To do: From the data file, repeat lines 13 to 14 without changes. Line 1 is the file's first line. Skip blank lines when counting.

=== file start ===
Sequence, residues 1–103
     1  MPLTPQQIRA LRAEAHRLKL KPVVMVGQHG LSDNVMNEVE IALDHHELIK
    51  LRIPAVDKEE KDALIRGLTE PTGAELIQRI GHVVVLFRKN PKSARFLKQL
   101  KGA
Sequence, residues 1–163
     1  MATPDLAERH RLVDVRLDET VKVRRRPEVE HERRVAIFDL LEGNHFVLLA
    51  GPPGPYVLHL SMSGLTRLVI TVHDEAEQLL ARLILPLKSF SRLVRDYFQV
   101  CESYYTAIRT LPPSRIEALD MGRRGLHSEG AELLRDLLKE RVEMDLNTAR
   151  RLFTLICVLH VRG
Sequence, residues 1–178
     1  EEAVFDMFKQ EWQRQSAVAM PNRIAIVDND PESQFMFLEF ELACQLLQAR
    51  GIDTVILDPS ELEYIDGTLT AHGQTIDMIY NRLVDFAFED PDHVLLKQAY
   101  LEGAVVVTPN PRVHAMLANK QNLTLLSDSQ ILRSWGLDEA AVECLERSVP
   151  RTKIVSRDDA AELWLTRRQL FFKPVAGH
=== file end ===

   101  LEGAVVVTPN PRVHAMLANK QNLTLLSDSQ ILRSWGLDEA AVECLERSVP
   151  RTKIVSRDDA AELWLTRRQL FFKPVAGH